Agree that if your bender has skill then SS tubing should look pretty nice. Swagelok make adapter fittings to go from the gaugeable fitting to male AN. I've never liked AN flares, but if those are the hoses you can get... You can also cut off the AN flare and go right from SS tubing to the aluminum tubing of a hose/pipe assembly, they work great for that too.

Good Luck,
Erik
ice-n-tropics
Posts: 21
Joined: Sat Apr 23, 2016 3:40 pm

Re: hardline and Swagloc fittings for auto a/c

Postby ice-n-tropics » Tue Oct 18, 2016 10:35 am

F-150:
Maybe you need a #8 hose at the compressor discharge instead of a #6 (you said)
Detroit: welcome back to Tim's band of Brothers. You are long time gone but certainly not forgotten. I also spent too many years in 130 degree (military) hot labs and cactus lands and DV (& jim Baker grade)
!st factory installed AC was on 39 Packard (released in 1938) that I rode in at a Packard club in Salido Texas (only remaining example) and had hard lines with flex brass bellows at the Lehiah compressor. I was zooming down I-35 when I saw this Packard on a access road so I chased it down and asked for a ride. Later years, this very Packard was on display at the SAE show.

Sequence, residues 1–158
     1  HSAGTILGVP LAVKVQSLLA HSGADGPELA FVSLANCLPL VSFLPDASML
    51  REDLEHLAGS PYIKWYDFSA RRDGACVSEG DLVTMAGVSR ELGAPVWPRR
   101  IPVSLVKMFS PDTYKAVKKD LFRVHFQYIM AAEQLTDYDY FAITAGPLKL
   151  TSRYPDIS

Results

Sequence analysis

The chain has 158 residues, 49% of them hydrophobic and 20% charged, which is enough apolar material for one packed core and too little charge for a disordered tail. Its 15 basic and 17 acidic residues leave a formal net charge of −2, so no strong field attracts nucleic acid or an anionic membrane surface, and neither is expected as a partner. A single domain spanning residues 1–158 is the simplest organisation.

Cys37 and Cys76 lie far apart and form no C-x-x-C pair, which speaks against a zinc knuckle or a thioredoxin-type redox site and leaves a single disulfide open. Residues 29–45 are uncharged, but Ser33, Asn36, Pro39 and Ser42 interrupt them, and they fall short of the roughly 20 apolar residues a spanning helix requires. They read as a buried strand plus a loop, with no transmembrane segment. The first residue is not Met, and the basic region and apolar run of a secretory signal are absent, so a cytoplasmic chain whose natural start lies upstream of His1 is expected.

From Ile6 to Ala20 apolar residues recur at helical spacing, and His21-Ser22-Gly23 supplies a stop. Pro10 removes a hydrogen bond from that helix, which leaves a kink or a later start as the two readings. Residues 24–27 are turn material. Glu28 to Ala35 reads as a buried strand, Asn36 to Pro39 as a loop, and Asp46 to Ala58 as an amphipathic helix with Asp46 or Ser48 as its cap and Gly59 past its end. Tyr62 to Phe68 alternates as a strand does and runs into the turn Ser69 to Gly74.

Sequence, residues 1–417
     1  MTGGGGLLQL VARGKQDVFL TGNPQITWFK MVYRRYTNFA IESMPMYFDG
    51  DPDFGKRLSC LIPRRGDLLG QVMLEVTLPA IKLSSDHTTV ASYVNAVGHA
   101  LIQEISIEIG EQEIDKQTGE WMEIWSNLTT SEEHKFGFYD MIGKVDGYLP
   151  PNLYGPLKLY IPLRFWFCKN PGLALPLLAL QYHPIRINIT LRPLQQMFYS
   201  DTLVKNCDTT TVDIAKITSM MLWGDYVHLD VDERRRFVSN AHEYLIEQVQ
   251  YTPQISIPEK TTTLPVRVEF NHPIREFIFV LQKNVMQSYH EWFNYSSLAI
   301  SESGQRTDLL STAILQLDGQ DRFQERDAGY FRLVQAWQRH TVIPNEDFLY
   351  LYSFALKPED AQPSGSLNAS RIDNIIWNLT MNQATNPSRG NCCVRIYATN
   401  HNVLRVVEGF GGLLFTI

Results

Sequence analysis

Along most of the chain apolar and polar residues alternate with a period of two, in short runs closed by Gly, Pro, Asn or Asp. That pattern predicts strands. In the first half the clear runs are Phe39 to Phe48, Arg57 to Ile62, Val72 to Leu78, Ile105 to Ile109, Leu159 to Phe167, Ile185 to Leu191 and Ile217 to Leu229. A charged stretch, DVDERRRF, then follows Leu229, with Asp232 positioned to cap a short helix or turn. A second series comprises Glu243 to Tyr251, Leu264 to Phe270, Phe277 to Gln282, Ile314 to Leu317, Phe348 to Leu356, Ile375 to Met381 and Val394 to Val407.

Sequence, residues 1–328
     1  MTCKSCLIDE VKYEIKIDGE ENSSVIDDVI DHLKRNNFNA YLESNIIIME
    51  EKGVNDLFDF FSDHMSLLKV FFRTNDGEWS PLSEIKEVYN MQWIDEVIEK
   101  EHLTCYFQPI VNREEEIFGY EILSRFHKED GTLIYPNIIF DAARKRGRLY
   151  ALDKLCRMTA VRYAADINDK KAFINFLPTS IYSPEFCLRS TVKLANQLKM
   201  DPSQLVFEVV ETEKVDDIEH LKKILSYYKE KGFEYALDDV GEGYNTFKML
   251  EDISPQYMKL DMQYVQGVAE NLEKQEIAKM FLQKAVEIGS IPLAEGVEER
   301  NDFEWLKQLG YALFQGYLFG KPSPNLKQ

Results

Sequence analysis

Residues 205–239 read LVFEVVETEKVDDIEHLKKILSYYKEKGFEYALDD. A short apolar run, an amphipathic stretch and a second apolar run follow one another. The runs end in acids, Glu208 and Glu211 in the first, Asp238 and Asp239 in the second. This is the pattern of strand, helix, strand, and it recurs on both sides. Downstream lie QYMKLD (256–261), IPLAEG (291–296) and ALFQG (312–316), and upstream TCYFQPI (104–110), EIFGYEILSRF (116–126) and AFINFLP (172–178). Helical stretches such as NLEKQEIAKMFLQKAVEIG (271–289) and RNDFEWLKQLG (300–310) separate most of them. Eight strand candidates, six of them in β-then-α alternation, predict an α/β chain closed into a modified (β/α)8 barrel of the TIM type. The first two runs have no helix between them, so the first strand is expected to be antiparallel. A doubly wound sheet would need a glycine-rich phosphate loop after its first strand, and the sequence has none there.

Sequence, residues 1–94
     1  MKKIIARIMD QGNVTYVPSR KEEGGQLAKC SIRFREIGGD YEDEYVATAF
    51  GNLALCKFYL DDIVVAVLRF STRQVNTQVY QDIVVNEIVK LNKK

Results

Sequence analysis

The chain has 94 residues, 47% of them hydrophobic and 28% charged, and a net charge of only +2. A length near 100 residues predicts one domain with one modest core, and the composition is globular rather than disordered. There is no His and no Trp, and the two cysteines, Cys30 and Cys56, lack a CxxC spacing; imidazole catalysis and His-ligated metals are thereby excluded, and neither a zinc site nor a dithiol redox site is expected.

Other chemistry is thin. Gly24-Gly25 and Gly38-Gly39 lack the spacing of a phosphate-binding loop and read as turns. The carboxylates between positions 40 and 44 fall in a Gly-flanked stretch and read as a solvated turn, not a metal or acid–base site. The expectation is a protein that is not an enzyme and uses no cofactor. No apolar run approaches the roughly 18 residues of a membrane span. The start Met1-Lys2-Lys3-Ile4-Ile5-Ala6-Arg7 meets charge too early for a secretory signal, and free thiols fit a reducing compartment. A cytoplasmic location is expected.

In 50s, rubber hoses were tried unsuccessfully because the hose outer layer bubbled as R-12 permeated. AP Brandimart (my boss) showed Goodyear how to take a pin and puncture the outer hose layer of the hose so that R-12 could escape
I use Swedge Loc type fittings to insert a orifice tube into a condenser discharge line successfully
When fabbing fittings be aware that refrigeration flares are 45 degrees verses hydraulic fittings at 37.5 degrees and double flares are better than single flares or separate copper flare washers.
I built a mostly hard line Blazer A/C with Joe Dacus owner of ASTRO Air in Jacksonville TX Cherokee County (may he be at peace after crashing in a sea plane on a sand bar in the gulf with the Confederate Air Force) with 12 inch long rubber hoses at the compressor. We applied the brakes and simulated acceleration by revving the engine in gear to rock the engine to the MAX to insure no hose stretching. Also checked hood to compressor clearance using modeling clay at the minimum hood clearance point
Generally hard lines do not dampen NVH (noise vibration and harshness) like flex hoses., so you will get a noisy SD5H14 Vintage Air compressor. In this case use A SUCTION MUFFLER and possibly a discharge muffler, NOT A small DISCHARGE MUFFLER only AS USED ON SD7H15
Will need to use rubber mounts to restrain hard lines to reduce BRS (buzz rattle squeak)
hotrodac "How to Air Condition Your Hot Rod" @ Vintage AIR
jniolon
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Joined: Sun Oct 16, 2016 3:41 pm

Re: hardline and Swagloc fittings for auto a/c

Postby jniolon » Sat Feb 18, 2017 8:40 am